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A fresh approach: the life industry is looking at ways to improve the assessment of mortality risk in elderly applicants.

Today the most common question asked by insurers about elderly applicants

is not whether the industry should begin screening for functional impairments, but how we can screen most efficiently and what screening tools are most effective.

At issue is how to develop a new set of information in addition to that delivered by traditional underwriting that can improve how the industry assesses mortality risk in elderly applicants.

Interestingly, traditional underwriting requirements do retain their protective value and, in some arenas, have even greater protective value among elderly applicants. This is certainly true for requirements such as attending physician statements where the greater likelihood of disease in older compared to younger applicants enhances the statements' protective value. It is also true for exercise stress tests, which not only detect cardiac and pulmonary disease, but also measure exercise capacity, one of the most important factors predicting subsequent mortality among elderly individuals.

Exercise capacity is just one part of the puzzle in gauging a person's overall well-being--physical, mental and social--that becomes a crucial assessment for many elderly applicants. Where do applicants fall between two key terms, "frail" and "robust"? Clinicians use the term "frail" to describe persons at increased risk of dying or suffering complications from an illness or injury, while those likely to successfully recover are termed "robust."

Although the medical community has had difficulty agreeing on more precise definitions for these two opposing assessments, frail and robust, accepted markers of frailty include impairments in physical and cognitive functioning. The inability to perform basic activities of daily living without help like dressing, eating and bathing or the inability to perform more advanced activities is associated with substantial excess mortality.

Unfortunately, it is unlikely that these impairments will be identified without specialized tests of functional ability. Many insurers are assessing frailty by using questionnaires to simply ask proposed insureds whether they have any memory impairments or physical limitations. Although these likely provide some protective value, their usefulness depends on the applicant's candor. Underwriting tools developed specifically for elderly applicants will vary from company to company and depend on each company's target market and desired level of mortality risk. However, there are a few widely applicable guidelines:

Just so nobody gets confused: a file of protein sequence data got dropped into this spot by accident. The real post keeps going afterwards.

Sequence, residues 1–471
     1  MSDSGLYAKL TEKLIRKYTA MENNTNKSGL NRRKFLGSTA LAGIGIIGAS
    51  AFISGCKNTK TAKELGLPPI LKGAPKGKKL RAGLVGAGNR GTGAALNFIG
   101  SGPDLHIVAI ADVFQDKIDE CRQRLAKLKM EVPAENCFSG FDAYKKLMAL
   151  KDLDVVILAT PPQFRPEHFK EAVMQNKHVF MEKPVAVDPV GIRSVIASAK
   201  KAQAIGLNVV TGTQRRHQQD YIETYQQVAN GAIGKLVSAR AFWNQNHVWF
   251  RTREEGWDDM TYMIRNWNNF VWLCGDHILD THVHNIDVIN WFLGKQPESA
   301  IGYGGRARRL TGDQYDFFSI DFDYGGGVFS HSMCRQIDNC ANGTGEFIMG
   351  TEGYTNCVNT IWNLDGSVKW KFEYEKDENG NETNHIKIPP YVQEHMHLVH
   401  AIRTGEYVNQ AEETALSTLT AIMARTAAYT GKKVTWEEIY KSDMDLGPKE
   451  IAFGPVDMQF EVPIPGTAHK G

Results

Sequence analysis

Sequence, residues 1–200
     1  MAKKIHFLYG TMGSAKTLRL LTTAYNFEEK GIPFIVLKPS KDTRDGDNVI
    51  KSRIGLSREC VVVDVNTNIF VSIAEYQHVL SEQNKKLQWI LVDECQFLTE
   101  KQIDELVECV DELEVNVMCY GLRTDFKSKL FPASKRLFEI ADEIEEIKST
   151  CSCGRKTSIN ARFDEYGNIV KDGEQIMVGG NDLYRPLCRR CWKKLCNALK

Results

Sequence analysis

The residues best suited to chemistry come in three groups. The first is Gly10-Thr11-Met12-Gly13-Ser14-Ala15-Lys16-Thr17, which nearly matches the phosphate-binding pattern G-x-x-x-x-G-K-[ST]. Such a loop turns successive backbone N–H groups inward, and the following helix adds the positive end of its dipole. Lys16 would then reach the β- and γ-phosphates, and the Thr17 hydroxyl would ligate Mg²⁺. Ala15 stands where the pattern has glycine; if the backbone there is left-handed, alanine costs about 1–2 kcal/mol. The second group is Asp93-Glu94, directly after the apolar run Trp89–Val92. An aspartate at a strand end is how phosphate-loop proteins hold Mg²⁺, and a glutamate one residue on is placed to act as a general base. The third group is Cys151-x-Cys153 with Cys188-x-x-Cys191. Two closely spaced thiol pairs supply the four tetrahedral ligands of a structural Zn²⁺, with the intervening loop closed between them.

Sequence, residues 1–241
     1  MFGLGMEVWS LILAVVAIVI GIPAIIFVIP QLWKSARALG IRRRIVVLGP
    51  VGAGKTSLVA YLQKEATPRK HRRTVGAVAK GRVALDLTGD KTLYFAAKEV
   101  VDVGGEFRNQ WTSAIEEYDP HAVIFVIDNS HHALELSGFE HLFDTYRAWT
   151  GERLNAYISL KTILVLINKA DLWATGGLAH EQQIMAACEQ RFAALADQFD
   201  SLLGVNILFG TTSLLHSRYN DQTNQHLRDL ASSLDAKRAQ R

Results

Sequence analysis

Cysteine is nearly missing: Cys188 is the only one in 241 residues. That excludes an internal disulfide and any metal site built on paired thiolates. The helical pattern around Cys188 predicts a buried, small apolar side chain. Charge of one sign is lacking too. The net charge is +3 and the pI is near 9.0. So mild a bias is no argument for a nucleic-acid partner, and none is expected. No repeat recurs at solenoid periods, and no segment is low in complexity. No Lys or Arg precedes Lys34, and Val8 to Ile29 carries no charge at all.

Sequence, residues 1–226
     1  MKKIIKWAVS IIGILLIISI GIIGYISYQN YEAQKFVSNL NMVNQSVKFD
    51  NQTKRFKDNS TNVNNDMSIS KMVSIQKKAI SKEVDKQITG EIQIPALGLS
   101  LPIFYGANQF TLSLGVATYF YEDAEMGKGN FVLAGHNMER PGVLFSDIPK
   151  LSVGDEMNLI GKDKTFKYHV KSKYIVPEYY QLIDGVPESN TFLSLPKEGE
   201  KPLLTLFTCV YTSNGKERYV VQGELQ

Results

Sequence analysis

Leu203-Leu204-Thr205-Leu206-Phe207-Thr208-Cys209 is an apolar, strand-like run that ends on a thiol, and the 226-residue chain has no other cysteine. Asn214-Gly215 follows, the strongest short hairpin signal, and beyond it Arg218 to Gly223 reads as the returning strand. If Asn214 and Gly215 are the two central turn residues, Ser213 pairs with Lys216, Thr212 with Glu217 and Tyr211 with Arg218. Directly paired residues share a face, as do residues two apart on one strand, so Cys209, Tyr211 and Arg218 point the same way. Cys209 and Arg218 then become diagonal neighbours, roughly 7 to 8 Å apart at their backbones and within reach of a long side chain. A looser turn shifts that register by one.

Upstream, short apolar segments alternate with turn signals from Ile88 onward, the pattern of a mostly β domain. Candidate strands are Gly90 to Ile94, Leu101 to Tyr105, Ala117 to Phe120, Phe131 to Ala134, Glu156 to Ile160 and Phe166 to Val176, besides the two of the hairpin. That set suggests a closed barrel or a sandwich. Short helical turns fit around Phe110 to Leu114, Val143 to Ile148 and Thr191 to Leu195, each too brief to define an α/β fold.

* Given that the elderly population is more heterogeneous than the population consisting of the central ages, underwriting--by virtue of its ability to determine differences in health and functional status--can be of even greater protective value in the elderly than in the central ages, provided the correct underwriting tools are used.

* Traditional underwriting remains important in the elderly. Underwriting must continue to effectively identify and assess the risks posed by diseases and impairments already present at the time of application. Also, underwriting should assess the risk for future disease based on risk factor analysis that differs from accepted analysis for the central ages. For example, although being overweight is a risk factor for morbidity and mortality both in central and older ages, in the elderly moderate obesity is associated with relatively less excess mortality, while being underweight is associated with relatively greater mortality.

* Thorough traditional underwriting will identify many elderly individuals in whom further screening for cognitive and functional impairments will be unnecessary. Traditional underwriting will identify some elderly applicants who are so ill that further evaluation will not be necessary to arrive at an accurate appraisal of risk.

* Thorough traditional underwriting, perhaps supplemented by telephone interviews or questionnaires tailored for the elderly and incorporating questions on functional abilities, will likely identify other individuals who are obviously so healthy and who are functioning at such a high level that further evaluation offers little additional value.

* Finally, there likely will be a middle ground of elderly applicants whose status has not been sufficiently determined by traditional underwriting tools. In such cases, the risk will be clarified by supplementing traditional underwriting tools with new screening tools designed to detect functional impairments.

Frailty is a powerful and independent factor for predicting excess mortality in applicants 75 years old and above. Supplementing traditional underwriting with frailty screens can clarify the mortality profile of this age group, differentiate its risk and help price policies appropriately.

Dr. Martin Engman, a Best's Review columnist, is vice president, research, and senior medical director for ING Re's Individual Life and Health Operation based in Denver. He can be reached at
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Title Annotation:Underwriting Insight
Comment:A fresh approach: the life industry is looking at ways to improve the assessment of mortality risk in elderly applicants.(Underwriting Insight)
Author:Engman, Martin
Publication:Best's Review
Geographic Code:1USA
Date:Oct 1, 2004
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